In fact, from his first entrance in front of a blinding blaze of white lights, he is playing the accordion himself, and he rarely if ever leaves the stage. Bespectacled Pierre is Tolstoy’s alter-ego. He is one of the first, modern anti-heroes. He is thoroughly depressive, a big Russian,
beaten-up bear of a character. And yes, he’s the hero of “War and Peace.” Groban to his everlasting credit has totally immersed himself to the point of unrecognizability in his heroic, vanity free performance. He is wearing a fat suit. He now lumbers and growls and shuffles his considerable weight as a middle-aged man would. His long, thin fingers shake with what may be delirium tremens as in a man who drinks Way too much. His young brow is now furrowed, without any make-up.
You can hear this bear of a character that he is so perfectly portraying growling through the CD like a wounded animal. But like the maestro he is, Pierre’s voice, his howl of pain, is always also modulated and very, very beautiful. And moving.You must hurry and buy it. I predict it will be a best seller, the first Broadway recording and the best maybe ever. It could go platinum in five minutes. And go see Groban live and onstage before he leaves the show forever in July. He’s entitled. He’s been packing them in on Broadway, for nearly a year, revitalizing it and don’t even get me started on Mimi Lien’s transformative set and the wild, magnificent lighting of Bradley King! Both also nominated for Tonys. I hope they all win!
I also have to add that there seems to be a thousand-voiced choir, an epic number of voices that call themselves “The Great Comet Singers” who are pictured in the CD program and contribute to the amazing sound and rhythm of “Balaga” and “The Abduction.” They are also credited as “Shakers.” Because the audience was all given egg-shaped shakers to increase the beat of the delirious troika ride to end all troika rides in Act Two. Yes, “Natasha, Pierre and the Great Comet” of 1812 will abduct you, too. Your heart, I mean. You’ll never think of musicals the same way again.
He looked completely shocked. Dumbfounded. And inarticulate as always. He didn’t make a very good speech. Oh Well…The Best Man won. Denzel did not look happy…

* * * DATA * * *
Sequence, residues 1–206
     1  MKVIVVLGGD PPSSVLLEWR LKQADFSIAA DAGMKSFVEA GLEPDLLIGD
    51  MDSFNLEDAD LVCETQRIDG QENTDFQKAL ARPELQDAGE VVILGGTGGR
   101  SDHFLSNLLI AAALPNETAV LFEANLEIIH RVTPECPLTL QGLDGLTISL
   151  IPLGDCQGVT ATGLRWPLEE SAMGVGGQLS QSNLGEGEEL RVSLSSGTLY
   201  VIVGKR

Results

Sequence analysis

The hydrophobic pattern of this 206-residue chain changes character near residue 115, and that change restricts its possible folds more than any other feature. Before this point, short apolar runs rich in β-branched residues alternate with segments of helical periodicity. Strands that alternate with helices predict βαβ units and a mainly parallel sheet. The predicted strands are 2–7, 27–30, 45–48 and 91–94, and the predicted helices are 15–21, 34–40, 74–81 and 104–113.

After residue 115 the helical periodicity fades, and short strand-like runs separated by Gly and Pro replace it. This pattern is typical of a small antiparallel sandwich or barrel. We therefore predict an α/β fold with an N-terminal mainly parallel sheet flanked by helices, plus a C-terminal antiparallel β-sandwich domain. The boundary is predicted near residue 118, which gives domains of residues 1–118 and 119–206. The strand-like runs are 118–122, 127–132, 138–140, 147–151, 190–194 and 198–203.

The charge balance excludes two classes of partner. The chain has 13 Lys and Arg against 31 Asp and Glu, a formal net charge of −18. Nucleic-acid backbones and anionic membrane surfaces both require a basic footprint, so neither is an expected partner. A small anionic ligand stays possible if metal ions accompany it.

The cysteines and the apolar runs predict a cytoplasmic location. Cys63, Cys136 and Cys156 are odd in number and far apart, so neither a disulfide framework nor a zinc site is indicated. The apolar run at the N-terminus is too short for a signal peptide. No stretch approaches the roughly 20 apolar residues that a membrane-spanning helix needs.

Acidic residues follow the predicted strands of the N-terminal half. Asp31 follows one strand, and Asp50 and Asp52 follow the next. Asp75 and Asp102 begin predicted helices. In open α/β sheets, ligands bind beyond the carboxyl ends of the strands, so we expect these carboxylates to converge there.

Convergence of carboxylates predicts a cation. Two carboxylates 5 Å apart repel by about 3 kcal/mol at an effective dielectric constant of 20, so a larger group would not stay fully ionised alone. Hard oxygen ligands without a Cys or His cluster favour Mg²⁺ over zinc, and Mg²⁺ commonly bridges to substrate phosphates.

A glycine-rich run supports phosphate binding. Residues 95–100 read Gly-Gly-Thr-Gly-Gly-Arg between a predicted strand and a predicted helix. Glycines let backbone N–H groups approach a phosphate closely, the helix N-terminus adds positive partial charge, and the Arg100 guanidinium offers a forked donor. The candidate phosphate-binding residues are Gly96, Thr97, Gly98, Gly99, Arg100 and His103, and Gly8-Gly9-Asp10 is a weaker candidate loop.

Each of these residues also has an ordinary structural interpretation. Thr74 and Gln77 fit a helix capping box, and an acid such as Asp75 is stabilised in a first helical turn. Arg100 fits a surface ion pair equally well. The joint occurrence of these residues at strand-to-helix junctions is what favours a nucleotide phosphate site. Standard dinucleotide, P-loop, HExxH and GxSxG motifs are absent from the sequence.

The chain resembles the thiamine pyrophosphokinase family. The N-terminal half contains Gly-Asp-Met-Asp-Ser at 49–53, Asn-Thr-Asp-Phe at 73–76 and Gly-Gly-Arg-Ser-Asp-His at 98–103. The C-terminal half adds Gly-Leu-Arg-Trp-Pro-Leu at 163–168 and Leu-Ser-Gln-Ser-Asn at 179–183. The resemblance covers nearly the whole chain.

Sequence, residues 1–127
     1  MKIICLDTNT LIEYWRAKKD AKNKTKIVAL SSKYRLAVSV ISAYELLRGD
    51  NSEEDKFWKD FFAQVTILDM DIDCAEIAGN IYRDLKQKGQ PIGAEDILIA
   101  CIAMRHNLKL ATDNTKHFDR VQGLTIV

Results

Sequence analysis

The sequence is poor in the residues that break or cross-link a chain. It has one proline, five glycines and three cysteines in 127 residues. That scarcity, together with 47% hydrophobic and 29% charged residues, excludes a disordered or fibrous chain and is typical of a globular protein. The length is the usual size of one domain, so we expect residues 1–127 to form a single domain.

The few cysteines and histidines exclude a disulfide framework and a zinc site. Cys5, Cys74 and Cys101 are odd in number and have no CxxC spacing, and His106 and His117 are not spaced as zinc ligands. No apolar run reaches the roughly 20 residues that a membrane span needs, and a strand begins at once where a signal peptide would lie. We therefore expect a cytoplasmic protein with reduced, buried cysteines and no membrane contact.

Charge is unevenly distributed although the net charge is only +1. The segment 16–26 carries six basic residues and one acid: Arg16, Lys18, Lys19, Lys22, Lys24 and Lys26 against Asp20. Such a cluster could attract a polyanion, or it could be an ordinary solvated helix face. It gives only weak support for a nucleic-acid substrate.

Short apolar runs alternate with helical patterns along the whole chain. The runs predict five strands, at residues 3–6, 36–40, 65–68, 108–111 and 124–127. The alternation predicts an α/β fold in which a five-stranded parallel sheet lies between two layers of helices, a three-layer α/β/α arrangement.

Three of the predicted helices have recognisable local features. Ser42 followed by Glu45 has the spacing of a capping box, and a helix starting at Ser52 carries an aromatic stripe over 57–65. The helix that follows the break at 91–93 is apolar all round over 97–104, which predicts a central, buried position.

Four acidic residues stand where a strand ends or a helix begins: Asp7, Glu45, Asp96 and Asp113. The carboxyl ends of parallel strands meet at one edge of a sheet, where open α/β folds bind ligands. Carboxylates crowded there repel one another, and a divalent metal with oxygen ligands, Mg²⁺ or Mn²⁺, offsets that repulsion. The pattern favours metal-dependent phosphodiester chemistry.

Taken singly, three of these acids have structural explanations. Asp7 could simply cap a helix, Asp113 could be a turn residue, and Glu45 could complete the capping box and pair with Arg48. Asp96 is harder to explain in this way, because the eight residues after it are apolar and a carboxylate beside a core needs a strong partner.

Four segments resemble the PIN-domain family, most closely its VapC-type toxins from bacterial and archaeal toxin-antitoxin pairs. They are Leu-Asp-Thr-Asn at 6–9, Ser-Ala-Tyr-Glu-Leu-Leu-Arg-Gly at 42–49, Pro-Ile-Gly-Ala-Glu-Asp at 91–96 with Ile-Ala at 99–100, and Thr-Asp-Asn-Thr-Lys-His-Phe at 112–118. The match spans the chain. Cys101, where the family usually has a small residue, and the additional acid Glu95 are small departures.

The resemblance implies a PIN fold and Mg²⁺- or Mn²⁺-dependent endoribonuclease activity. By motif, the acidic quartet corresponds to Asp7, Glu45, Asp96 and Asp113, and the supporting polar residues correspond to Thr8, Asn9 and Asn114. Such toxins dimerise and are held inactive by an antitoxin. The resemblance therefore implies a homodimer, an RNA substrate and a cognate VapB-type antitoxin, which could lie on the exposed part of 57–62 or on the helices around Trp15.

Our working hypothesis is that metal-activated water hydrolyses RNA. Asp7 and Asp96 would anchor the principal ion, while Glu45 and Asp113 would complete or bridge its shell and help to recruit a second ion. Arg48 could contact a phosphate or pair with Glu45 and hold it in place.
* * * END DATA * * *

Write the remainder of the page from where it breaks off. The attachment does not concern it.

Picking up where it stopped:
And now, we’re on to Best Actress, with Leonardo DiCaprio presenting. EMMA STONE!!!! Another standing O!!! I predicted her, too. Only got Mahershala wrong.
Emma gives a touching, very good speech. Emotional. You just love her. Wish Casey could have given a speech like he made at the Independent Spirit Awards yesterday. Oh well…he won. And certainly deserved it. And so did she. That moment when she switches from talking to singing at the beginning of the Big Song at the end of the movie just reduced me to tears. So simple, so moving….”So here’s to the fools who dream. Crazy as they may seem.”
“La La Land” wins Best Picture! Oh no! Now they are saying it was a mistake and that “Moon light” won Best Picture! COLOSSAL FUCK UP BY WARREN BEATTY! How humiliating! But “Moonlight” has just won Best Picture! All is confusion up there. It was “Moonlight” a tiny little gay film.
WHO WOULDA THUNK IT?!?! Sasha Stone, that’s who! Bravo Sasha! You rule! OMG!
Kimmel “It’s all my fault. I knew I would screw this up. I’ll never be back.”
I CAN’T BELIEVE IT!?!? They finally let a gay film win Best Picture. 12 Years after “Brokeback Mountain” lost….I’m in shock! The world is moving on….and very good that it has, too….
Justin Timberlake starts off the Oscars just right with a rompin’, stompin’ raise-the-roof with his own Oscar nominated song And it was great! From “Trolls.” He got a standing, dancing ovation! Great start! Then of course, Jimmy Kimmel comes on and gets as he puts it, “Oh great, a sitting ovation”….
He then makes the audience give Meryl Streep a standing O.
And now, Best Supporting Actor! And here comes the lovely Alicia Vikander. She’s got a VERY deep tan. Trying to look as un-Swedish as possible.
Mahershala Ali wins! I was wrong about Dev Patel…Another standing ovation…
A nice moving speech. His wife just had a baby and firstly he thanks his teachers, whom I know/knew the late Zelda Fischhandler and Ron Van Lieu from NYU Grad Acting. They were the first ones he thanked which was very classy of him. I saw him in many plays there and he was always as good as he was in “Moonlight.” Lots of warmth in the room for “Moonlight” as Sasha Stone predicted at http://www.awardsdaily.com. And I didn’t…
His part in “Moonlight” was very small, but truly supporting. But he didn’t mention that he was a Muslim, which I wish he would’ve done.
One wonders how much influence Harvey Weinstein has over the DGA. Answer, probably a lot, because once more this awards morning yields a Weinstein Co. surprise in the form of a much-prized DGA nomination for his company’s only entry into the Oscar race this year, “The Lion.”
This probably assures Nicole Kidman(pictured above) and Dev Patel assured nominations in the Supporting Actor categories, and likely a Best Picture nod, too.
The other directors named were Kenneth Longergan for “Manchester by the Sea”, Barry Jenkins “Moonlight”, French Canadian Denis Villeneuve for “Arrival” and the man of the hour Damien Chazelle for “La La Land.” Unknown Garth Davis directed “The Lion.” All are first nominees of this, one of Hollywood’s highest honors.
Many thought Martin Scorsese for “The Silence” and Mel Gibson “Hacksaw Ridge” would score for Old Times Sake, if not for the quality of their current films, not no, they were both bumped by all these first-timers. Oscar isn’t nostalgic any more.